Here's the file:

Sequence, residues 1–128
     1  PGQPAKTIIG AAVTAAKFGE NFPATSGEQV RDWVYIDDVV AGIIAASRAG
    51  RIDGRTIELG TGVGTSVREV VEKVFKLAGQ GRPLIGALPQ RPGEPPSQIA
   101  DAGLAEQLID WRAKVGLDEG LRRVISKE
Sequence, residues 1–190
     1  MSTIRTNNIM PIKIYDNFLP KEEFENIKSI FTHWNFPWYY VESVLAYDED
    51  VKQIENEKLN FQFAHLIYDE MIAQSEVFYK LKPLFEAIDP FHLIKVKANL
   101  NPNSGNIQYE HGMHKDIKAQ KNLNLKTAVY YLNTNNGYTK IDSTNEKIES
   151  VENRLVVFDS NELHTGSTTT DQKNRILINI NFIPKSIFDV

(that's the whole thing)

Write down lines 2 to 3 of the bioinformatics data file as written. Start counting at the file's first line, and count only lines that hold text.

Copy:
     1  PGQPAKTIIG AAVTAAKFGE NFPATSGEQV RDWVYIDDVV AGIIAASRAG
    51  RIDGRTIELG TGVGTSVREV VEKVFKLAGQ GRPLIGALPQ RPGEPPSQIA